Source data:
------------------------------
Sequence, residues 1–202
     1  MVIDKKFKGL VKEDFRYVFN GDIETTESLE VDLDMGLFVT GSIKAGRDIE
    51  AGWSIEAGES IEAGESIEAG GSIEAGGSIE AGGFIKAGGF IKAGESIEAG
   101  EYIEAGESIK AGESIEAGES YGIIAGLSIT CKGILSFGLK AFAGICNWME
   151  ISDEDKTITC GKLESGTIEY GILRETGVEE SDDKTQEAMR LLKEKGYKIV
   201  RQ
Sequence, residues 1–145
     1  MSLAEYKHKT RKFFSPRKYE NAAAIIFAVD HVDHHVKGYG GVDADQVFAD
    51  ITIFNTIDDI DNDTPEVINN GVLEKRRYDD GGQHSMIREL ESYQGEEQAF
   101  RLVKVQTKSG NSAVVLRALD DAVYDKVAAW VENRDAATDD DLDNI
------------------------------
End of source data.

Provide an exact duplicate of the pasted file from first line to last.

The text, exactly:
Sequence, residues 1–202
     1  MVIDKKFKGL VKEDFRYVFN GDIETTESLE VDLDMGLFVT GSIKAGRDIE
    51  AGWSIEAGES IEAGESIEAG GSIEAGGSIE AGGFIKAGGF IKAGESIEAG
   101  EYIEAGESIK AGESIEAGES YGIIAGLSIT CKGILSFGLK AFAGICNWME
   151  ISDEDKTITC GKLESGTIEY GILRETGVEE SDDKTQEAMR LLKEKGYKIV
   201  RQ
Sequence, residues 1–145
     1  MSLAEYKHKT RKFFSPRKYE NAAAIIFAVD HVDHHVKGYG GVDADQVFAD
    51  ITIFNTIDDI DNDTPEVINN GVLEKRRYDD GGQHSMIREL ESYQGEEQAF
   101  RLVKVQTKSG NSAVVLRALD DAVYDKVAAW VENRDAATDD DLDNI